Tag Archives: hero4

Filming a single shot fight scene – Stage to screen

Fact: Fighting is not cool.   Fact: Stage fighting is very, very cool. 

Recently I’ve had this recurring thought. A nagging idea about filming epic fight scenes that do all the things I want them to do in the movies. I used to choreograph fights for a touring theatre company in my distant past. Now I’m taking those skills and the pool of talented performers I know to make fight scenes like this one.

 

It all started with a promo video for Off The Ground’s – Musketeers. With no preparation I joined a rehearsal and watched a set of fights choreographed for stage before capturing the footage in the video below.

 

I’d recently bought a DJI phantom and the stabilized Gopro footage it provides proved way better than I could have hoped. After a little thought and some more equipment I’m now using a new rig (see below) light enough to get right into the action so after rounding up a couple of actor friends we set about choreographing the fight and camera at the same time.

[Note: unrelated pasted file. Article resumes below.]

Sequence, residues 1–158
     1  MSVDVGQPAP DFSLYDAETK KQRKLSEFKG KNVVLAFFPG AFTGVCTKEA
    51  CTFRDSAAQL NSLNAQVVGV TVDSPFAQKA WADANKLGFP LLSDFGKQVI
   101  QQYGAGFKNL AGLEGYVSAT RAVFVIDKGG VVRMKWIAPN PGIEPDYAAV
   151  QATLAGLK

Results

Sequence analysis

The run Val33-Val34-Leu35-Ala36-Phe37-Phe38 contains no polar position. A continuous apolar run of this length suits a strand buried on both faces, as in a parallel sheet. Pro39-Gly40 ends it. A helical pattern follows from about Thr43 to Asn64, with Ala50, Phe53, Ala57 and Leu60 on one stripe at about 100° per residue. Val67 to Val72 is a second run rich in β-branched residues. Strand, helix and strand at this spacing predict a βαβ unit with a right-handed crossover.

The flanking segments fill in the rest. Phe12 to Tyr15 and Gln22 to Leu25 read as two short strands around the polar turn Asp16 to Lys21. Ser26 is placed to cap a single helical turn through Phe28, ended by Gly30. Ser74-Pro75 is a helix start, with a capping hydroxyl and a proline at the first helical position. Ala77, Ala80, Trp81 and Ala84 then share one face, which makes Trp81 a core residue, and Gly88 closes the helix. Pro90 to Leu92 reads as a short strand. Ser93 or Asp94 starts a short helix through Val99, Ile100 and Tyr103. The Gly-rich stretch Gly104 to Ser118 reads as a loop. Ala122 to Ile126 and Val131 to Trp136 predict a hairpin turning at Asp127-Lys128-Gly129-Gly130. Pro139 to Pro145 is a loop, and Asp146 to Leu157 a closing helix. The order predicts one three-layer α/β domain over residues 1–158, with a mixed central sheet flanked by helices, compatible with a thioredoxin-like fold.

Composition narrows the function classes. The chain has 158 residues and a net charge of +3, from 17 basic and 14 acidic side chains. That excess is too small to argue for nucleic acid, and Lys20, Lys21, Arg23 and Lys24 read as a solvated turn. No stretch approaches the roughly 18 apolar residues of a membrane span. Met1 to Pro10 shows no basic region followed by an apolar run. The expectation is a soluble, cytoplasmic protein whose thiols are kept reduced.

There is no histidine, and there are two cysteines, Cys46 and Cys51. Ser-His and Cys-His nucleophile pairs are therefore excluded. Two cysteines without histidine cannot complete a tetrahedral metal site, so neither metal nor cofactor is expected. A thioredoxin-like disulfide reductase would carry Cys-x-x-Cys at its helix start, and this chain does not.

Check out the equipment used to film this video

I knew I wanted everything to work as one shot so each hit must be positioned in terms of the camera and each move planned out. In reality, stage combat is much closer to dance than it is to fighting.

‘Fight Club #1’ is the result of about 3 hours of preparation, rehearsal and filming. The plan is to get together regularly, produce these mini scenes and with your feedback, improve and expand the project

Boscam G20 video transmitter for Gopro Hero 3 and 4. What it is and why you need one.

The Boscam G20 is a 5.8GHz 32 channel composite video transmitter for the Gopro Hero 3 and 4 cameras. It uses the accessory port on the rear of the camera to send video to a compatible receiver and is the best thing since sliced bread.

Here’s why.

The Gopro Hero 4 is a pretty serious piece of kit for film makers. It’s sharp, light, relatively cheap and shoots 4k and 2.7k footage with usable frame rates and a flat colour profile. That’s a great start but using it to produce professional looking footage turns out to require much more in terms of hardware than you might think.